clock menu more-arrow no yes mobile

Filed under:

NFL Practice squad rules and eligibility

The NFL's practice squad rules are fairly complicated. Who is eligible, how much do players get paid, and why do these things even exist? We've got the answers for you here.

David Manning-USA TODAY Sports

The NFL will start filling out practice squads today, starting at noon. So it's useful to refresh ourselves on all of the practice squad rules, regulations, eligibility and the whole point of a practice squad.

Practice squad basic

  • Each NFL team can have up to ten players on their practice squad. This was changed this year from an eight-man practice squad in previous seasons.
  • Practice squad players practice with the team, but can't play in games. These players are mostly young, developmental players who have a chance to turn into quality NFL players down the road.
  • Practice squad players can be called up to the regular roster at any point, and can sign with any other team's 53-man roster, too.
  • With one exception: a practice squad player can't sign with a team's next opponent within six days of the game, or ten days if his team is on a bye week. The don't-let-Belichick-spy-on-you rule.
  • Practice squad players can't sign with another practice squad. If another team wants a player, they'll have to sign him to their 53-man roster, or they'll have to wait and hope the player's team releases him from their practice squad.
  • If a team promotes or signs a practice squad player to the regular season roster, he will take up a roster spot for at least three weeks, even if the team cuts him. He'll also be paid a minimum of three weeks' salary, even if cut.


Practice squads are supposedly to develop players, though teams tend to just stack them with random guys they need to run practices, too. The consequence is that veterans are not eligible to be signed to the practice squad. The rules regarding practice squad eligibility were changed a bit this year, to accommodate slightly older players on the squad.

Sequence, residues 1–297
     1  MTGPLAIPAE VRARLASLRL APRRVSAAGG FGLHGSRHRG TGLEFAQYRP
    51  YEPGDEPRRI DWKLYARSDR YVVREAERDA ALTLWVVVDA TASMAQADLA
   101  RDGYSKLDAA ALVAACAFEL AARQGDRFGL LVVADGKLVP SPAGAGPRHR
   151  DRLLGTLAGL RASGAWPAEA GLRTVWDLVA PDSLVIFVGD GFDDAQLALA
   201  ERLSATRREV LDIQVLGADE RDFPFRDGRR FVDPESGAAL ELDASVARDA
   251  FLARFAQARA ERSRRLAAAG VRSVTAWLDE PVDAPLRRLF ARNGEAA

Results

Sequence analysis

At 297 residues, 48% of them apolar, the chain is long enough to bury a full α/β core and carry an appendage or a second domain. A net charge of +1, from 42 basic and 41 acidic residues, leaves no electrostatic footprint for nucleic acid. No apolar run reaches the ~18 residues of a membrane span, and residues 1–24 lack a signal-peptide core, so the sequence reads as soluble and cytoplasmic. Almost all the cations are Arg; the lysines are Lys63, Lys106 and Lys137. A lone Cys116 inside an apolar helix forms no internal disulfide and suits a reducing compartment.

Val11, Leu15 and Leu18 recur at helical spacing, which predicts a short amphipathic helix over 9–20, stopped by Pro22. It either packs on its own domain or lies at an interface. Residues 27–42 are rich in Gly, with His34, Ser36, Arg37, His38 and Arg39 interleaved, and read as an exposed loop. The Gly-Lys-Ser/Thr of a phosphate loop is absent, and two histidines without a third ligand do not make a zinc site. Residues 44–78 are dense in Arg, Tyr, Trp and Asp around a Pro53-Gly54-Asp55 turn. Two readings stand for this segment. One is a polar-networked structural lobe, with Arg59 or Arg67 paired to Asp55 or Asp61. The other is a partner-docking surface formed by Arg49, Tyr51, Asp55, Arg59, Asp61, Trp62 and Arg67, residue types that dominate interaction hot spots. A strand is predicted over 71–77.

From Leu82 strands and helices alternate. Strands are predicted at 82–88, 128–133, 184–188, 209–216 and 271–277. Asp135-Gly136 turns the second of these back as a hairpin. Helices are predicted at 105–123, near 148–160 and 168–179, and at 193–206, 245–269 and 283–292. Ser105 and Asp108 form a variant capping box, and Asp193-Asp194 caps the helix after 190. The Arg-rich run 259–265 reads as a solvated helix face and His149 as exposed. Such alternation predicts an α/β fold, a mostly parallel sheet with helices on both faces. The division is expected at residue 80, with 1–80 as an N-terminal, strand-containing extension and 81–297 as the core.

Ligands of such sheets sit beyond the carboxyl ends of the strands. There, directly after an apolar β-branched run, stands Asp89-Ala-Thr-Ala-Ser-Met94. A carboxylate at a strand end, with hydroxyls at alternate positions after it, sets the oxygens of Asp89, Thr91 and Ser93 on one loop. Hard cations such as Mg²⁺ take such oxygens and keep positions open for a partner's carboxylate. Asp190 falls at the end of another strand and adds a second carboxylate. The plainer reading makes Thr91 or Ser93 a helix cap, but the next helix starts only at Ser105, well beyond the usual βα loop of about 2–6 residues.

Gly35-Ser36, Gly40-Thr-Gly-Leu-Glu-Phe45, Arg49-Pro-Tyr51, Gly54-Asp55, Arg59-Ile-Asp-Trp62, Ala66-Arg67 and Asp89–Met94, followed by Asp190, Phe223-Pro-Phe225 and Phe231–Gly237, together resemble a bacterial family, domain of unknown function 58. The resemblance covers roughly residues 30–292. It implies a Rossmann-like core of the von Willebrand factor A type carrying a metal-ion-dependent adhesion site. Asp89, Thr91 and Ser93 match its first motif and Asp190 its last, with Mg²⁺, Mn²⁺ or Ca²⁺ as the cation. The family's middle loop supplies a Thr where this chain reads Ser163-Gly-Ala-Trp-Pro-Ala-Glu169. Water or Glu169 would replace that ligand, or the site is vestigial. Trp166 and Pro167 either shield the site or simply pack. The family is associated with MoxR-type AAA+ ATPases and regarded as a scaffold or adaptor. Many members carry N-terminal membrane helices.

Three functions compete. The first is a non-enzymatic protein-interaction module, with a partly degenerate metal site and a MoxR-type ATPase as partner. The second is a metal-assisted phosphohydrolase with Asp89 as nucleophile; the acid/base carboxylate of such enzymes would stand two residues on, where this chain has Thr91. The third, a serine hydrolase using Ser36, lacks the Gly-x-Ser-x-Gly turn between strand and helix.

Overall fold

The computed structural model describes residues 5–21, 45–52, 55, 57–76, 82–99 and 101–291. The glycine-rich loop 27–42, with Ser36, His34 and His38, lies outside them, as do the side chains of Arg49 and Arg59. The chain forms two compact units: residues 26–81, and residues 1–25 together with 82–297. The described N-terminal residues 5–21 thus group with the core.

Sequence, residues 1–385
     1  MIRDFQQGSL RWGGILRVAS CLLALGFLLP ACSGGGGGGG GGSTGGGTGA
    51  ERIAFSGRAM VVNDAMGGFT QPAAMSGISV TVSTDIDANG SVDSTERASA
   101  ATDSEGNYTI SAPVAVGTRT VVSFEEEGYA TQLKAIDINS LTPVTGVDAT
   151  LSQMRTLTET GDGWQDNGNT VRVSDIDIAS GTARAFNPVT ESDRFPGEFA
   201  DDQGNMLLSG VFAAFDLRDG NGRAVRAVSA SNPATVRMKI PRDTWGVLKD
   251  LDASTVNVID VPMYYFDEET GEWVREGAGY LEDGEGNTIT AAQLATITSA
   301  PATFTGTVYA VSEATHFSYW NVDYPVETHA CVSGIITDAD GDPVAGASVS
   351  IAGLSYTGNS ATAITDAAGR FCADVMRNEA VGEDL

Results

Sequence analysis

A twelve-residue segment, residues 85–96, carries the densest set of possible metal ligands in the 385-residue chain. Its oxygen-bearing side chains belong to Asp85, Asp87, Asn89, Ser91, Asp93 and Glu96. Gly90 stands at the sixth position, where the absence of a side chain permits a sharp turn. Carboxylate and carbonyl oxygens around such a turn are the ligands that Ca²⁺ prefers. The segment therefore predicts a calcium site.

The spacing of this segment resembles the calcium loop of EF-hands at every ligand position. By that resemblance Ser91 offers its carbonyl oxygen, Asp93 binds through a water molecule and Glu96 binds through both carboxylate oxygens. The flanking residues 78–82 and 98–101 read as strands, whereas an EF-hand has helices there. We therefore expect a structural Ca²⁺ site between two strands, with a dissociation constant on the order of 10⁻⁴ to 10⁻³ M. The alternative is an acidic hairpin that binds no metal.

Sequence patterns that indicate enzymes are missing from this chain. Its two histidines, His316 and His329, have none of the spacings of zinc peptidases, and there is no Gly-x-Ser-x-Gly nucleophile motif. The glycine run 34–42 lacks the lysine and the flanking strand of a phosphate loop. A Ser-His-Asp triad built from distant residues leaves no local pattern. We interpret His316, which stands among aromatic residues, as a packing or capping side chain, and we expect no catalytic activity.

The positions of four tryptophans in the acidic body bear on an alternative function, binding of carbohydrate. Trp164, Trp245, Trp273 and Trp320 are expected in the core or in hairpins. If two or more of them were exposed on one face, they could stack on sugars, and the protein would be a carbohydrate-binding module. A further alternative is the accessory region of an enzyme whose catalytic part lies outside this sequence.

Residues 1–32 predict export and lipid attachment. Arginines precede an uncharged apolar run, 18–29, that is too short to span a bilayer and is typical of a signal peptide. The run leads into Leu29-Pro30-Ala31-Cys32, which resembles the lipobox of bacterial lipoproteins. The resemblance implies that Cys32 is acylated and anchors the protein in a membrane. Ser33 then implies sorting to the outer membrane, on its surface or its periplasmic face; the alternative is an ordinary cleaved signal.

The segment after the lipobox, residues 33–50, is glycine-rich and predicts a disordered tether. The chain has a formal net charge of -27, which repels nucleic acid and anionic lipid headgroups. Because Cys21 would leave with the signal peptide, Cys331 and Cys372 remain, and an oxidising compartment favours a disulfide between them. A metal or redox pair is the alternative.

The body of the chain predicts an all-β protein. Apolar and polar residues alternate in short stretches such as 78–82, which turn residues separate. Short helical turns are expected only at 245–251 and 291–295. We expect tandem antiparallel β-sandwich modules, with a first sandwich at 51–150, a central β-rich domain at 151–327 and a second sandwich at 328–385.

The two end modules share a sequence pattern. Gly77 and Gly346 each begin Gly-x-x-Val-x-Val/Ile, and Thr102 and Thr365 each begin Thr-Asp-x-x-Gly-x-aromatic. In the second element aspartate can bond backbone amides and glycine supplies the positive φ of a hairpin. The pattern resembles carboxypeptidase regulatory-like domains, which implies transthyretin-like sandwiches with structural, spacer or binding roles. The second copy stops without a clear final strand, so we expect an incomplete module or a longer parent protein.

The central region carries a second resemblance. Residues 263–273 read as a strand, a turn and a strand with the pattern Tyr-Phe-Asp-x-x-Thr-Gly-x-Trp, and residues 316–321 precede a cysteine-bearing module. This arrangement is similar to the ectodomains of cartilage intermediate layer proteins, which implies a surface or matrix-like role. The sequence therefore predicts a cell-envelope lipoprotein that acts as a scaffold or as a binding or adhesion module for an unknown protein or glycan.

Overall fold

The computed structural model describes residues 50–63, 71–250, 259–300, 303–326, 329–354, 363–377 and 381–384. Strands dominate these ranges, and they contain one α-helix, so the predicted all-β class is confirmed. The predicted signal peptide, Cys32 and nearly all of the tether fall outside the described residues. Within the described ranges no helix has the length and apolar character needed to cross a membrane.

• Players with one or more accrued seasons are not eligible for a practice squad, with some exceptions. A player earns an accrued season by being on the active (53-man) roster for at least six games.
  • If a player has accrued seasons, he can still be eligible for the practice squad if they were active on game day for nine or fewer regular season games in each of those accrued seasons.
  • Starting this year, every team can have two players on the practice squad who have two accrued seasons.
  • Players can only be on the practice squad for two seasons. They can be on a practice squad for a third season if their team keeps 53 players on their 53-man roster at all times.
  • Players are deemed to have served a season on a practice squad if they've been a member of the practice squad for at least three regular season or postseason games during their first two practice squad seasons, or one game during their third practice squad season.


Players don't earn full salaries on the practice squad. They make a minimum of $6,300 per week on the practice squad. This would come to $107,100 over a full season, compared to a rookie minimum salary of $420,000

Teams can and sometimes do pay players more than that to hang around on the practice squad. One infamous example was when the Tampa Bay Buccaneers paid Dezmon Briscoe a rookie minimum salary to stick around with them, which annoyed Bengals coach Marvin Lewis to no end, as he wanted to sign Briscoe to his practice squad. This is a fairly common occurrence, however, as teams try to hang on to their best developmental players.

Correction: A previous version of this article stated that the minimum practice squad salary was $6,000 per week, but that was last year's number. Thanks to Greg Auman for the correction.